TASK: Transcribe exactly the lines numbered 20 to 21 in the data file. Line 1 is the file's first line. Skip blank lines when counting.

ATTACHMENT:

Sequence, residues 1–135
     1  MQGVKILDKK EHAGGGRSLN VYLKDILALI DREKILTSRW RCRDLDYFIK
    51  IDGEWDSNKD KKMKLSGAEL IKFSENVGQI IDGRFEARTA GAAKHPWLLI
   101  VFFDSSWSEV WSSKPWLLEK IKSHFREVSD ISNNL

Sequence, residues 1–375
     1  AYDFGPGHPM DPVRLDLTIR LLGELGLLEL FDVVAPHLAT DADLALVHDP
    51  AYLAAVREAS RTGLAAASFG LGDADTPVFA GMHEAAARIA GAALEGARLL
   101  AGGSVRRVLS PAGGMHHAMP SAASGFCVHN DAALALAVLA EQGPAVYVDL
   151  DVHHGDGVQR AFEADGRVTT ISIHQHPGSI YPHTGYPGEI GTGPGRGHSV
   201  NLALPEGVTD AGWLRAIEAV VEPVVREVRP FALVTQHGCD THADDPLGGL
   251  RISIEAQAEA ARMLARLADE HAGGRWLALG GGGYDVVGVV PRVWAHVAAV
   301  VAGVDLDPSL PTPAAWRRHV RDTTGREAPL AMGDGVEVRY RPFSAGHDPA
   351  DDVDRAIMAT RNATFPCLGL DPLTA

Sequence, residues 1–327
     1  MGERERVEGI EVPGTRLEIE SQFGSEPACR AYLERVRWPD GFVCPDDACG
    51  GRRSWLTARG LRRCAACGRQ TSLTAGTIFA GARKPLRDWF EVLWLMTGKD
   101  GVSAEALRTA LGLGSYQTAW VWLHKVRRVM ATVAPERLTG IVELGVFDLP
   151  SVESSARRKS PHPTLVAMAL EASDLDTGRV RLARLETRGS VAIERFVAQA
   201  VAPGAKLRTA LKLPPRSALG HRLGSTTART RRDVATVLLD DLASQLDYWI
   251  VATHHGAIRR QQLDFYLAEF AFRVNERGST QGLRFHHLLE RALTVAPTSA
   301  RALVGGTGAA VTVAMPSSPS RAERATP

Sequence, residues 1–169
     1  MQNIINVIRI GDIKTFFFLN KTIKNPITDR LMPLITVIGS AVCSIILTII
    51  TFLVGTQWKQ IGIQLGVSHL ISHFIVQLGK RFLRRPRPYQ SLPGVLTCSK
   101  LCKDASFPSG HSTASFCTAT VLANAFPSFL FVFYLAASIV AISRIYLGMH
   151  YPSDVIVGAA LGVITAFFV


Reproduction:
   251  VATHHGAIRR QQLDFYLAEF AFRVNERGST QGLRFHHLLE RALTVAPTSA
   301  RALVGGTGAA VTVAMPSSPS RAERATP